The Friday Five – National Healthcare Decisions Day
Follow and join the conversation with #NHDD, #NHDD2018, #EOLC and #AdvanceCarePlanning
Ninety percent of people have heard of a living will but only 29% of people have them. Advance directives are something we all should take the time to have in place for our own good and for our loved ones. National Healthcare Decisions Day (@NHDD) is an initiative encouraging people to express their wishes regarding healthcare and for providers and facilities to respect those wishes, whatever they may be. The NHDD overarching theme this year is: “It always seems too early, until it’s too late.” NHDD has gained momentum over the past few years and for 2018, it will be a week long event, April 16-20. This week’s Friday Five gathers some motivation and tips to help you get started with your own planning and documentation.
Thoughtful Conversations Sponsored by Arizona Hospital And Healthcare Association
Michelle Mulady, Independent ICU Nurse, shares what motivates her to speak to her patients about advance care planning and why it is important.
With National Healthcare Decisions Day just a few days away, we want u 2 start thinking about what matters most 2 u. Make a list, reflect internally, share ur ideas in a tweet & tag us! Get in the practice of expressing ur wishes. #AzHDM18 #NHDD https://t.co/rTX7K8ZaiM
— AzHHA (@azhospitalassn) April 12, 2018
Hospice of the Panhandle 15 minute Talk
On April 16th at 12:15 pm ET, grab your lunch and join the Hospice of the Panhandle community educator Julia McDonald Yuhasz to learn more about completing a living will and medical power of attorney. Find out how to get free, easy-to-use documents.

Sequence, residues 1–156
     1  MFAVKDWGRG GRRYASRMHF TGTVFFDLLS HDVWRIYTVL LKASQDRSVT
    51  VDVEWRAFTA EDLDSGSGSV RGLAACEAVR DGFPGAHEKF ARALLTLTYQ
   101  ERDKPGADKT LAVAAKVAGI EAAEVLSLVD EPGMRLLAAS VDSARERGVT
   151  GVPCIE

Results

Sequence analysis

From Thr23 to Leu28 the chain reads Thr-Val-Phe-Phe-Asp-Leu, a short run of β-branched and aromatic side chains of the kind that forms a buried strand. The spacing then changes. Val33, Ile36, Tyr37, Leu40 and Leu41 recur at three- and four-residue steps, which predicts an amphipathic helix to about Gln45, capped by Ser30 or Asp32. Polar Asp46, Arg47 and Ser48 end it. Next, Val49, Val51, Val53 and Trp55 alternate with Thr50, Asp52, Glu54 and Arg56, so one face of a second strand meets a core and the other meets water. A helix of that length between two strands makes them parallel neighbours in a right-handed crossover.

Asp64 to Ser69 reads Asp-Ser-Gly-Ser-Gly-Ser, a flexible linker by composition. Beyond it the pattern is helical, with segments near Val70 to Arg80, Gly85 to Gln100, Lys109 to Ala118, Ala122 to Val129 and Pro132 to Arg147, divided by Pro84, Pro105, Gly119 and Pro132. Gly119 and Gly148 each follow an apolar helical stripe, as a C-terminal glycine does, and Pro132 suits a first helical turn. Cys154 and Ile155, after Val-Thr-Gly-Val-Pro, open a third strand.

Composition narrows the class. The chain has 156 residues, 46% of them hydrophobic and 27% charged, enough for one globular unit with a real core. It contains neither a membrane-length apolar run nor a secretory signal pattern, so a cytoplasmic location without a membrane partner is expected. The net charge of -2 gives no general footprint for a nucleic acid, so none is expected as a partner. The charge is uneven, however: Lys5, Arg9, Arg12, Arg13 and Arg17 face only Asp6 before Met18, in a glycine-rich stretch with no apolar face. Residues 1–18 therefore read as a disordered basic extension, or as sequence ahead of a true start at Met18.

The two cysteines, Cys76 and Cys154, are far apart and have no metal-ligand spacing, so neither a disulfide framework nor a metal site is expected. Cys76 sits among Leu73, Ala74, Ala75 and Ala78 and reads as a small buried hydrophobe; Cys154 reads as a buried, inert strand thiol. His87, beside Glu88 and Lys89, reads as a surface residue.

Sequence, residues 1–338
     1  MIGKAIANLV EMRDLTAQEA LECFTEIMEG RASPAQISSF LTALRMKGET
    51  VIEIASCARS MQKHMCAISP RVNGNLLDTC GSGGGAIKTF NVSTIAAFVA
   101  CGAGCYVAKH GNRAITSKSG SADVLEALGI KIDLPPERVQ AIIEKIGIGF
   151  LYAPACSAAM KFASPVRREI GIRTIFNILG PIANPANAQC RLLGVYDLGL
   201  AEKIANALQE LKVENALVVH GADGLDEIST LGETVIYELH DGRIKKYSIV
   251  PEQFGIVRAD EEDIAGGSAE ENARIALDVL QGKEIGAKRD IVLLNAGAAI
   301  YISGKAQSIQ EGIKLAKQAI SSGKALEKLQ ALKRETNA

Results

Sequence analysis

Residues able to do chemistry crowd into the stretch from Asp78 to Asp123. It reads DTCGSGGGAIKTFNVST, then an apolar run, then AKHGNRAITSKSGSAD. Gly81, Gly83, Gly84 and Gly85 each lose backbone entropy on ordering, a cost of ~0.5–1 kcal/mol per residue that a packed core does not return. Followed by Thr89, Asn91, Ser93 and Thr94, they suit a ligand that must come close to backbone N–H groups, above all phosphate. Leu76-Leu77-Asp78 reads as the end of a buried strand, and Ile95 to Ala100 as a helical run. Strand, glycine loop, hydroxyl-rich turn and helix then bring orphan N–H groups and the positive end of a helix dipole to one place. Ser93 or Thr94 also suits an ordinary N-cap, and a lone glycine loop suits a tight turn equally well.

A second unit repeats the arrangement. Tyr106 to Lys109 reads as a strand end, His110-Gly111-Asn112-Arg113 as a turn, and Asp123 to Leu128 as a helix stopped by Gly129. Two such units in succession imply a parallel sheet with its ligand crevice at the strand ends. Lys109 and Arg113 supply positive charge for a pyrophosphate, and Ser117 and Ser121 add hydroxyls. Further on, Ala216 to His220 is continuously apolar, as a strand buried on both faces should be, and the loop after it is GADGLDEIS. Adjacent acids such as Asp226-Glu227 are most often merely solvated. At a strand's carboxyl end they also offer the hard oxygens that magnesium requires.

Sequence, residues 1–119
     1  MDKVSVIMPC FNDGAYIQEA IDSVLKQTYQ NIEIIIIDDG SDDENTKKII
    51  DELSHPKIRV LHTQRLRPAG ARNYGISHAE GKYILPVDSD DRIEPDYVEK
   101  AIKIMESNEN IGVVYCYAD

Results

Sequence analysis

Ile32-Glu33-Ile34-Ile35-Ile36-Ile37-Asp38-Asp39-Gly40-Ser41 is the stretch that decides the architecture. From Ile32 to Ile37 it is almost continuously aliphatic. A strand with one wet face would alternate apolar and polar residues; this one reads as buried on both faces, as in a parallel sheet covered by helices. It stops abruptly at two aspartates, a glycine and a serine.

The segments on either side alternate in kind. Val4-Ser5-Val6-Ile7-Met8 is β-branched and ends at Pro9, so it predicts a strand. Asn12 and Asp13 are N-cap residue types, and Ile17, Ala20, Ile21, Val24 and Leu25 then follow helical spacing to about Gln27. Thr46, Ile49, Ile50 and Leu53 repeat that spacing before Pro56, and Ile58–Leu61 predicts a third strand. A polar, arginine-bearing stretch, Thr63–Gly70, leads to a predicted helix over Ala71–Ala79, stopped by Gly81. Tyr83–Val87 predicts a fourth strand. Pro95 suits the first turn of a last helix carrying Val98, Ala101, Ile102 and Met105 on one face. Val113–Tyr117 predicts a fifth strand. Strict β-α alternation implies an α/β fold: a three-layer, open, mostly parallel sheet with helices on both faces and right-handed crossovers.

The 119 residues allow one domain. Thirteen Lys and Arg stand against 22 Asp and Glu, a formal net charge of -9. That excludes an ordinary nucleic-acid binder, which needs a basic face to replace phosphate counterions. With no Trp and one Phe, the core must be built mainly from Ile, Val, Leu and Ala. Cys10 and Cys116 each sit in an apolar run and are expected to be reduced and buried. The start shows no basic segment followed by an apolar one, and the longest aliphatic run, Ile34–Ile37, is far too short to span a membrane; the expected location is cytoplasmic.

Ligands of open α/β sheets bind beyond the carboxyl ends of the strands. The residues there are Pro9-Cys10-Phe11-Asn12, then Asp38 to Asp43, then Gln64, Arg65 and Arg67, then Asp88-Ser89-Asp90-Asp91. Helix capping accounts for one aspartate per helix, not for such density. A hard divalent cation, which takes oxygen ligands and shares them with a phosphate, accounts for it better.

Join Hospice of Panhandle on Facebook, April 16th at 12:15 p.m. for a 15-minute conversation about living wills and medical powers of attorney. Link: https://t.co/mAvCVG20DF #NHDD2018 pic.twitter.com/x4lxNRlkYB
— NHDD (@NHDD) April 12, 2018
Tips to plan healthcare decisions in advance
Dr. Cary Schnitzer, medical director for OptumCare Arizona, keeps things simple with three important steps: discuss, decide, document. According to Dr. Schnitzer, “Planning for accidents or a sudden illness may feel awkward, but conversations with family members today can ensure your care preferences are honored and that your caregivers don’t have to guess what you want.” Here are four tips to get you started in the right direction.
Dr. Cary Schnitzer: “Imagine you are in an accident or sudden illness leaves you unable to speak for yourself. Your loved one or caregiver is faced with a difficult decision about whether to continue life-saving measures. How does that person know… https://t.co/aYsFzfx9Ay
— AJ/GC Independent (@AJGCIndependent) April 10, 2018
The Conversation Project’s Starter Kit
The Conversation Project (@convoproject) is dedicated to helping people talk about their end-of-life wishes. The work, in collaboration with the not-for-profit, the Institute for Healthcare Improvement (@TheIHI) is shifting our culture to encourage talking about dying. Their motto is begin the conversation at the kitchen table – not the intensive care unit. Check out their starter kits (available in 11 languages) as a tool to help families begin the discussion.
Who will speak for you? See this clever video from @convoproject #hpm https://t.co/yeBcnXCBOF
— AAHPM (@AAHPM) April 12, 2018
One Day Your Mind May Fade. At Least You’ll Have a Plan.
The New York Times article by Paula Span (@paula_span), details the a dementia specific advance directive document created by Dr Barack Gaster, an internist at the University of Washington School of Medicine. Read the full article here and to download the dementia directive form click here.
One day your mind may fade. At least you’ll have a plan. https://t.co/MMMl38gu4T pic.twitter.com/sRbMDlpEVU
— The New York Times (@nytimes) January 19, 2018
ICYMI – Our other Friday Fives.